The votes of senators with a vested interest in industries affected by congressional bills may have the power to predict future stock returns as well as the real sales and profit growth potential of the firms constituting those industries. The authors argue that the information contained in voting records is largely unrealized by the market until after the passage of the bills and is thus not incorporated in stock prices.
The votes of legislators who have a vested interest in an industry that is affected by a particular bill may suggest whether the bill will be positive or negative for the affected industry. The authors argue that this information, even though it is publicly available, is largely ignored by market participants until the bill is passed. They study the stock performance of affected industries as well as their longer-term earnings revisions and sales growth after the passage of relevant bills, and they find statistically significant results that confirm that voting by interested legislators is a reliable predictor of the impact of a bill on stock price returns as well as on real fundamentals of the industry or firms affected by the bill.
How Is This Research Useful to Practitioners?
The authors consider the information content in the voting records of legislators, which they claim remains unnoticed by the market at large until after a bill is passed. Focusing on the economic incentives of these legislators as expressed through their votes is very informative in determining the likely impact of legislation on industries and firms. The authors provide evidence by creating a long–short portfolio strategy based on the votes of interested legislators. Going long (short) industries on which the interested legislators vote positively (negatively) produces statistically significant abnormal returns.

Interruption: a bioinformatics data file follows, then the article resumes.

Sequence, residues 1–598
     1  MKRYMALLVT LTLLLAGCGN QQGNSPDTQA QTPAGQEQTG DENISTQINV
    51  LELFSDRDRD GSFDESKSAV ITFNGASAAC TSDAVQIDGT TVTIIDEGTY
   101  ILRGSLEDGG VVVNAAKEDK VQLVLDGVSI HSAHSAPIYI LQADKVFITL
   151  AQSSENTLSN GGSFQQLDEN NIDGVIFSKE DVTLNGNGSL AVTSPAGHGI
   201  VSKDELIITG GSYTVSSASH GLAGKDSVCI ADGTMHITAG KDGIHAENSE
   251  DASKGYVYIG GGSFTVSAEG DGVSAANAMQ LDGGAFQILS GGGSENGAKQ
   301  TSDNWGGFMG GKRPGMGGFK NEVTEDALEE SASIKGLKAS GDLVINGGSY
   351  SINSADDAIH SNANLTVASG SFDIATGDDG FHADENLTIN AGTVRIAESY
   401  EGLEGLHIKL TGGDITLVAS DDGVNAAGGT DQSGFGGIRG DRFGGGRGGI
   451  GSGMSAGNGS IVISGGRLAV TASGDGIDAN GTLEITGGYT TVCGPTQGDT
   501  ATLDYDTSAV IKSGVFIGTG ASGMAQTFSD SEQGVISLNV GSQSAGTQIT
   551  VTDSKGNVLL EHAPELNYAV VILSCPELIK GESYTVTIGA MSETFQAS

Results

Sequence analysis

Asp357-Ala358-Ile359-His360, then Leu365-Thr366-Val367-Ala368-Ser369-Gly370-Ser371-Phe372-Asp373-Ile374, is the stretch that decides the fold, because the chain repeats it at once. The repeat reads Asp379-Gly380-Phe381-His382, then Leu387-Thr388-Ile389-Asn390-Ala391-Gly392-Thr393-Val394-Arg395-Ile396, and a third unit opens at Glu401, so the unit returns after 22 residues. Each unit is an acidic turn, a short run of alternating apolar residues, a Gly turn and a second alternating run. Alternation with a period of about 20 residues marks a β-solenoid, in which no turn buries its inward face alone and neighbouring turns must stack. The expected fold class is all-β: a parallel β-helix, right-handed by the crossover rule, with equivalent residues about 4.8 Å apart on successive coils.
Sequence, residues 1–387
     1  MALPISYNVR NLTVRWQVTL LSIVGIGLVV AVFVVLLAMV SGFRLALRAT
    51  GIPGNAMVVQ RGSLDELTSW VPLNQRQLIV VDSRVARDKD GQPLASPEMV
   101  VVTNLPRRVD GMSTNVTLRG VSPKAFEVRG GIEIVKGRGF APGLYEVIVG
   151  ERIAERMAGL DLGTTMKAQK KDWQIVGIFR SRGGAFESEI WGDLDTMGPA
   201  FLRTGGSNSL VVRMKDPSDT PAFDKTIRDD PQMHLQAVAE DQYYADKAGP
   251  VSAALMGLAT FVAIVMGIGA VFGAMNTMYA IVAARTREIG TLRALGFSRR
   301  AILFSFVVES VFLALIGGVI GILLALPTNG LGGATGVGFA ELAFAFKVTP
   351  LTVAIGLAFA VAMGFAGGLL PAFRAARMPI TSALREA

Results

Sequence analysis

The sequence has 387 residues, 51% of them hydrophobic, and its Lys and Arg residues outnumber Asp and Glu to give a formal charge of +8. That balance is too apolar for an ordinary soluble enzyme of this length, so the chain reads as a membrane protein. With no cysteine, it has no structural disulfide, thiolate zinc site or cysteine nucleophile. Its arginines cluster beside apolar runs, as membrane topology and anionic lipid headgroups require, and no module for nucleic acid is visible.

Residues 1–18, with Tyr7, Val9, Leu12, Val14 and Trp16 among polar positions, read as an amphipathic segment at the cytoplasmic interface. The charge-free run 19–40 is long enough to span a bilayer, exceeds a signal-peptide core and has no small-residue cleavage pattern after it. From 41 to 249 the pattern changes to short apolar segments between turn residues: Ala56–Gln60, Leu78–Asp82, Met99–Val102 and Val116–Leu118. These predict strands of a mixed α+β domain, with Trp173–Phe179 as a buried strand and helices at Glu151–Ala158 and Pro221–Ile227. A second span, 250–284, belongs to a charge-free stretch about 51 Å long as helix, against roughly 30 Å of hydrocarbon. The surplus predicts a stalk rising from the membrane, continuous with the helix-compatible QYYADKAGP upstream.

The abnormal returns are not realized if the stocks are bought or sold prior to passage of the bill—that is, if there is no run-up in stock prices in anticipation of its passage. In fact, the stock prices have a delayed response to bill passage: They continue to rise or fall for approximately 60 trading days after the bill is passed. This drift in prices and the accompanying abnormal returns are more pronounced in cases of complex bills, which are harder for the market to decipher, and statistically insignificant for routine or noncomplex bills. The authors find that these stock price changes do not reverse, implying that they signal changes in real fundamentals of the affected industries.
The industries for which their methodology assigns bills as positive (negative) show longer-term positive (negative) changes in their fundamentals as well, which the authors measure in terms of changes in earnings per share (EPS) estimates, earnings surprises, and long-term profitability and sales growth.
How Did the Authors Conduct This Research?
The authors observe the raw voting records (including “yes” votes, “no” votes, and abstentions) of legislators on all congressional bills for a period of 20 years (1989–2008). They analyze the text of each bill and assign the bills keywords—1 of the 49 Fama–French industry classifications. This procedure establishes which industry or industries are affected by each bill. The authors then determine “interested” senators as those for whom these industries rank among the top three—in terms of economic activity as defined by aggregate sales—in their home states. The authors propose that interested legislators’ voting behavior will be different from that of indifferent senators with no direct stake in the industry.